In the Indian Express newspaper published in Madras, Tamilnadu, India dated November 3, 1940,  an article appeared entitled, “Axis-Vichy Settlement Chances Evaporating” that reported:

Expectation of the an early settlement between France and the Axis have evaporated.  This wide-spread conviction in well-informed circles proves the oppositeness of the old French proverb “Jamais Deux Sans Trois” for it was already being taken for granted that Hitler’s wheedling of France had miscarried and many are at least doubtful whether Mussolini’s bolt in Greece has not misfired.

On October 24, 1935 a staff correspondent wrote an article for the Christian Science Monitor out of Boston (MA) entitled, “France Awaits Radical Swing To Left Or Right.”  It was the eve of the re-opening of Parliament in France and due to pressure from an international crisis at the time, the Radical Party knowing it held the fact of the then-French Cabinet in its hands.  It read in part:

The annual Congress of the Radical Party has resulted under somewhat similar circumstances in the overthrow of the French Government. There is a popular French proverb which says, “Never two without three.”

Agatha Christie’s short story “Never Two Without Three” is a Miss Marple story from the book “The Tuesday Murders” published in 1933.  The UK title was “The Thirteen Problems.” The original title for the story was “A Christmas Tragedy” but as was the way of publishers back in the day, the editor of the short story collection was renamed “Never Two Without Three.”

The publication “Italica” carried an article in 1983 entitled, “James Joyce and the Italian Language” in which readers learned that James Joyce’s elective affinity for Italian began in 1894 at the age of 12. James Joyce, it would appear, was familiar with the Italian proverb, “Mai due senza tre.”

Interestingly enough, Idiomation did find both the French and the English versions of this saying on the Hennequin Venteuil Coat of Arms.  The Blason de Venteuil, which is the crest from the Champagne region in France, dates back to January 13, 1722.

Try as Idiomation did, Idiomation was unable to track the phrase back in French, Italian or English any further than the early 1700s even though it appears to have already been established in both English and French conversational language as a proverb in 1722.

Posted in Idioms from the 18th Century | Tagged: , , , , , , , , , , , , , , , , , , , , , , , , | Leave a Comment »

Let Sleeping Dogs Lie

Posted by Admin on December 31, 2010

The old saying, let sleeping dogs lie, means more than just to let sleeping dogs lie, which is very sound advice in the first place.  It also means that one ought not instigate trouble.  In other words, people should leave situations or people alone else it might cause them trouble.

The Atlanta Constitution newspaper reported on a court case on August 6, 1909 that dealt with a Mr. Jerome who had menaced a Mr. Carvalho who had threatened Mr. Jerome.  The article read in part:

“You’d better let sleeping dogs lie, Mr. Jerome,” exclaimed the witness, before the district attorney had said a word. As he spoke the expert’s eyes flashed and he pointed an agitated finger at Jerome.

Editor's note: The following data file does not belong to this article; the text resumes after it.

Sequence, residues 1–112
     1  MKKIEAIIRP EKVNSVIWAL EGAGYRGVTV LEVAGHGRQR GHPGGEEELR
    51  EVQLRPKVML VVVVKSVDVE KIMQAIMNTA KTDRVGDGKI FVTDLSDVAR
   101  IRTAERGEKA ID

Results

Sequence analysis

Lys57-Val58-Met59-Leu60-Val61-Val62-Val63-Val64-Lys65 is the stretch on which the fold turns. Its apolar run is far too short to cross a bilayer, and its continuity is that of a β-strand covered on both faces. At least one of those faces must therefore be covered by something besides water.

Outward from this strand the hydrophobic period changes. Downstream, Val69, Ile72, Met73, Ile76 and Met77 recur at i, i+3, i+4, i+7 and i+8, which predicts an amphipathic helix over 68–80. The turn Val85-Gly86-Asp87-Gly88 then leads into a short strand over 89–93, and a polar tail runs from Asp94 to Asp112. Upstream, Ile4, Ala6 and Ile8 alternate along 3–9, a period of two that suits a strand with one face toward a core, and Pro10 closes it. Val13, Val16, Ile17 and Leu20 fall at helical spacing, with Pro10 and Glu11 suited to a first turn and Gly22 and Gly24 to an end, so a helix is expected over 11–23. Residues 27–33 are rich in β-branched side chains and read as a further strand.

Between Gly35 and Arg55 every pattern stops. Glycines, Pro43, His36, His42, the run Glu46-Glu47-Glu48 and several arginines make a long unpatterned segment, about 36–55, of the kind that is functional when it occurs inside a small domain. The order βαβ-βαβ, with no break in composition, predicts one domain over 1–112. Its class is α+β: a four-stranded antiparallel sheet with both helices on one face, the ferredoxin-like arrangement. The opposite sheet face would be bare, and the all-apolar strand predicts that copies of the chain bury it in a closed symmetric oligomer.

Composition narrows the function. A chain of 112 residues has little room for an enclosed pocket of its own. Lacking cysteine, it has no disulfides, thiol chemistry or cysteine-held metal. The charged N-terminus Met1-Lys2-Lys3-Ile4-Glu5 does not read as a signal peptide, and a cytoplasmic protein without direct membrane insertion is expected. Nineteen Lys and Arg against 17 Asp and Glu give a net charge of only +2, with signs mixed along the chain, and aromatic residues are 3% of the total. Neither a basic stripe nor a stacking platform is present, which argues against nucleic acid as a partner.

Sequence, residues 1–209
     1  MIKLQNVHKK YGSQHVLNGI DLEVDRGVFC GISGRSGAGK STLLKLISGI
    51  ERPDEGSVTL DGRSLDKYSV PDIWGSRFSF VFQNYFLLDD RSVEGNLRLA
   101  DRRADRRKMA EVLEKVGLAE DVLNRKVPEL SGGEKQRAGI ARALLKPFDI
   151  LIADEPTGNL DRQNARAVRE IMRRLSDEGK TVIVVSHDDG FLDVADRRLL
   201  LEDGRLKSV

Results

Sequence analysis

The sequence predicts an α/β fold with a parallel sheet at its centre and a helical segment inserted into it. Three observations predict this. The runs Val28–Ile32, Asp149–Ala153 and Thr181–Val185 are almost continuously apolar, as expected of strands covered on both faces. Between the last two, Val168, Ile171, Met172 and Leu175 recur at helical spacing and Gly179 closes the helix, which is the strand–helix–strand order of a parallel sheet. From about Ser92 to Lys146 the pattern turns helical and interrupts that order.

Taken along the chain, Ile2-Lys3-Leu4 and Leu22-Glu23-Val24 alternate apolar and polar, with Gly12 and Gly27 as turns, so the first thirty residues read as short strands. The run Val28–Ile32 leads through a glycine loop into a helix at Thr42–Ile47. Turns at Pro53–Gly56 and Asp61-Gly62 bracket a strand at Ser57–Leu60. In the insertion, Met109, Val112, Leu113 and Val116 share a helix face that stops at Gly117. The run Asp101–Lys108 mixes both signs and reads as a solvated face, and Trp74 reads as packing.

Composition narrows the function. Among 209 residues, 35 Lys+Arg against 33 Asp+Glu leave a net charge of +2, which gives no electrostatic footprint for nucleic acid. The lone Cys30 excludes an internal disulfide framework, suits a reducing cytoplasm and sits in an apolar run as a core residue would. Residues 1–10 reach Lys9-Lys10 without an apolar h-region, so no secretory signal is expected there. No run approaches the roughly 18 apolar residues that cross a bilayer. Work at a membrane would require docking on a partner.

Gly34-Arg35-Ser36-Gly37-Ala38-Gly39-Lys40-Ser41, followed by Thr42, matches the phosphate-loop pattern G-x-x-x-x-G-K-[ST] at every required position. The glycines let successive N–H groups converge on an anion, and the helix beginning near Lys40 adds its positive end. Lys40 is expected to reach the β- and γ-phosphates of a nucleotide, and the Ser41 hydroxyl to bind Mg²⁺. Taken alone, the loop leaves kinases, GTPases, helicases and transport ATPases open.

In November of 1870, the New York Times ran an article entitled, “Russia and India: The Frontier of the Russian Empire.”  The article asked whether England was on the verge of losing its Asiatic possessions.

Let us consider why Russia has gained enough to suppose she is sufficiently strong to infringe the wholesome rule to “let sleeping dogs lie” when applied to the English. The Crimean War showed her plainly that her people were barbarians, and that her strength lay in brute force.

The saying “let sleeping dogs lie” was a favourite of Sir Robert Walpole, the first Prime Minister of Great Britain, who exercised considerable influence over King George I as well as King George II from 1721 through to 1742.  He was quoted as saying this on more than one occasion regardless of whether it had to do with matters of the King’s Court, the American Revolution or any other situation where difficulties had arisen.

Geoffrey Chaucer used a similar phrase in his story, Troilus and Criseyde, published in 1374.

It is nought good a sleepyng hound to wake.

It’s recorded in French even earlier in the 14th century, as found in the Proverbia Vulgalia et Latina, where the saying is:  “Ne reveillez pas le chien qui dort.”  Translation: Do not wake the dog that sleeps.

As the phrase is referenced in the Proverbia Vulgalia et Latina, it is most likely that it comes from the Latin saying, “Quieta non movere” which means “Do not move settled things.”

That being said, the Book of Proverbs (26:17) says:

He that passes by, and meddles with strife belonging not to him, is like one that takes a dog by the ears.

In other words, the saying “let sleeping dogs lie” has its roots in the Bible.

Posted in Ancient Civilizations, Bible, Christian, Idioms from the 14th Century, Religious References, Rome | Tagged: , , , , , , , , , , , , , , , , , , , , , , | 11 Comments »